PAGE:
And then you put up the second sign. I’d have never known anything had happened if the first sign hadn’t been there, because the driveway actually looks fine. The stone looks as stone should; it’s coarse and not very shiny. You know, like the stones in the roads in Europe that have lasted hundreds of years with all kinds of traffic and weather, war, and general use.

What were you thinking? And how long will you leave the sign on your house, causing everyone to wonder what you’re really about?

Take it down, and give yourself a rest.


A neighbor.

p.s. I certainly hope that you do not have a bumper sticker adhered to your car that cautions others to not tail gate.





10 responses to “Dear Neighbor Lady…”

  1. What was the rest of the second sign? I am really curious what she was urging the person to do.

    That’s pretty funny though, reminds me of the person who put the sign up on his car that said “No radio in car, don’t bother breaking in”, only to find his window busted and a note that read “just checking”.

  2. Mike, I’ll try and get a shot of the rest of it on my walk today. It’s a bit scary whipping out my camera because I think she sits at a window near her door. God forbid that I step on her driveway…

    Jerry — exactly.

  3. People no longer look at a house as a home but an investment..the neighbourhood isn’t a gathering of friends anymore…It’s sad really..and why I prefer the country life..which is getting harder and harder ot comeby…

  4. Uh-oh, her next step is never taking out the trash and stacking the newspapers in large piles throughout her home.


  5. this is one letter you really should post

    go on, I dare you…. 🙂

  6. Robert, I do agree with you about a home being an investment — especially here in San Diego. Real estate prices have gone through the roof in recent years, so it has become easier for people to purchase something, live in it a couple of years to fix it up, then sell it. But the area I live in isn’t an especially neighborly one anyway. People are on the curt side, stay to themselves, and are very outspoken about any and every thing. I’m not exactly warm and fuzzy myself, but I am a good neighbor. And I like the idea of living in the country, too. Just not around here. The whole fire thing is scary.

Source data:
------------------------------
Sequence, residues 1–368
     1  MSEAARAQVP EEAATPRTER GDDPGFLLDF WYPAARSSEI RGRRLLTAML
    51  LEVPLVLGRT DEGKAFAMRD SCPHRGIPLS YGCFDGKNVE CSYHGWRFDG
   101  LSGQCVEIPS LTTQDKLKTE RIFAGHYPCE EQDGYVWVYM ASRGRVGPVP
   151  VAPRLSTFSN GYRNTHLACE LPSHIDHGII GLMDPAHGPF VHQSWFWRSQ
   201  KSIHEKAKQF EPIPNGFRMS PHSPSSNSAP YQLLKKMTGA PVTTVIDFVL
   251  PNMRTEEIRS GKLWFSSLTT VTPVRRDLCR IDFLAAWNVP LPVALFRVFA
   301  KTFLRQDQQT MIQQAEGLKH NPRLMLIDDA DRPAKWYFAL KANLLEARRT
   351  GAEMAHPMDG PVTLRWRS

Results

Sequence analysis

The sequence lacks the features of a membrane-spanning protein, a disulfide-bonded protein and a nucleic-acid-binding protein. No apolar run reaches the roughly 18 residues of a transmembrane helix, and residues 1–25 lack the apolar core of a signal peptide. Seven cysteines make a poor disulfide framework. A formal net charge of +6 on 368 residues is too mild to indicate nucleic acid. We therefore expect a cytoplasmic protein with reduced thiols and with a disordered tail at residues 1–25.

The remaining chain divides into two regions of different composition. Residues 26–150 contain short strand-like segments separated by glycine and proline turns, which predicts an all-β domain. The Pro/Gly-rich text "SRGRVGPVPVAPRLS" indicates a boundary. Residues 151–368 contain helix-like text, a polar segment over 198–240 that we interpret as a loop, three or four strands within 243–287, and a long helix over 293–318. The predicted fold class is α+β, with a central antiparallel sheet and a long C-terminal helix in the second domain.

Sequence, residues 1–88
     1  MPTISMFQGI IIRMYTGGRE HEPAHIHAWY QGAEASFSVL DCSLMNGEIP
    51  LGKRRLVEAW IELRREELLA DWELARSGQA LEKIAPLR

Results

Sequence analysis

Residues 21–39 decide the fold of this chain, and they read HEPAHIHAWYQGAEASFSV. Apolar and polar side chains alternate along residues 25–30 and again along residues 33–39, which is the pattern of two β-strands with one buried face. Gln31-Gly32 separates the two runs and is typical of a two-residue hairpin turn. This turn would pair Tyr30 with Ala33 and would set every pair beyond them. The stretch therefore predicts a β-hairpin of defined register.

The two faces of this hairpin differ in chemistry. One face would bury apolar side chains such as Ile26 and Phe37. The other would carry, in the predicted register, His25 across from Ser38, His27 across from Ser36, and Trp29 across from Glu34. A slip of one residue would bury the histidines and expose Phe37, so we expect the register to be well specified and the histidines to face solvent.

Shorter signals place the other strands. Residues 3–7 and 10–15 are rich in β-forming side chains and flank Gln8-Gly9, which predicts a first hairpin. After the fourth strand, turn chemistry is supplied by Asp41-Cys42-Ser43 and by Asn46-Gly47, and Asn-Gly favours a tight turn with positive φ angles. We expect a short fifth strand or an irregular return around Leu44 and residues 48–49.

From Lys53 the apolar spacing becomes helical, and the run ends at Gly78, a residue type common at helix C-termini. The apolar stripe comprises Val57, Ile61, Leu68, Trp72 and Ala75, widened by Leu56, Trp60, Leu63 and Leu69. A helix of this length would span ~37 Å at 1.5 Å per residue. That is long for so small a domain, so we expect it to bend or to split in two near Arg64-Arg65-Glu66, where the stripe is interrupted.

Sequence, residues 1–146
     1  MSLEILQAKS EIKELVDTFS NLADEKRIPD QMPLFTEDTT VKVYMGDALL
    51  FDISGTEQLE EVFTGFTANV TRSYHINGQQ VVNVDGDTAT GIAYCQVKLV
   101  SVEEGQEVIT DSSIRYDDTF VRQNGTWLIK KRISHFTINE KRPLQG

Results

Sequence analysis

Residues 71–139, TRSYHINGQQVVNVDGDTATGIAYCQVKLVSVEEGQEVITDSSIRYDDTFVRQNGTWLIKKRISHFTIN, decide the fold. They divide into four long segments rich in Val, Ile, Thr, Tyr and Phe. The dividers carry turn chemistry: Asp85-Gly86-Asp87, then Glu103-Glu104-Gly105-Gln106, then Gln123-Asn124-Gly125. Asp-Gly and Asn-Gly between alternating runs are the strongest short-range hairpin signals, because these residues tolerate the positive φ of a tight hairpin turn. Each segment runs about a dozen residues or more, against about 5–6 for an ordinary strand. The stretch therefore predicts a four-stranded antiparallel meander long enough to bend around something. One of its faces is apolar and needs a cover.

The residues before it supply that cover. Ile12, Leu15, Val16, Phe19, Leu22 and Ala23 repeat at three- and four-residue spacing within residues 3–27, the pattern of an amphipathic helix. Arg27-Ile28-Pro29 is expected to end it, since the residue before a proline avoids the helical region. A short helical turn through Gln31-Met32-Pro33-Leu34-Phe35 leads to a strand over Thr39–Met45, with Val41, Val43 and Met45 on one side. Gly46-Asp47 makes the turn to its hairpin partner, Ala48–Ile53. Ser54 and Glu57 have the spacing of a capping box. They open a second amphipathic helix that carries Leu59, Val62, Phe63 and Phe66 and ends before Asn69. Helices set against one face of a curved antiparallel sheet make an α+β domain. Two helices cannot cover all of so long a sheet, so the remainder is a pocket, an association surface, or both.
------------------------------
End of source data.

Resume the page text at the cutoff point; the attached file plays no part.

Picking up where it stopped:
Hey Scott, We joke about that around here because I save things, too. Last night when I walked by her house, all the lights were off and it looked a bit deserted. I do think she lives alone, but the house appears to be spotless. Maybe I could get her to organize mine. Just without the signs.

    nursemyra — there have been a few times I’ve thought of mailing someone a note, but I’ve gotten them twice, and it never feels right. Once we had just moved into our last house, and we received a Christmas card with a welcome and an accompanying snide comment that actually asked us to not do something the former homeowners did. HuH? What an ass…I spent time over the years we lived there wondering which of our rotten neighbors sent it.

  7. I know… I’m a few days late and a couple bumpers stickers short.

    But I do have this yugo (not in bad shape) that has a bumper sticker which states: if you don’t like my driving, call 1-800-eat-shi*


    No, I am not often cranky.

  8. You are too funny. Carol

  9. sauerkraut — I love the bumper stickers. I have had urges over the years to stick some ripe ones onto my own bumper, but it wouldn’t exactly fly with my former profession. So I’ve always had to live vicariously through others.

    And Carol…that’s pretty slick ending up with a comment on my site signed by me. I’ll have to discuss this one with you…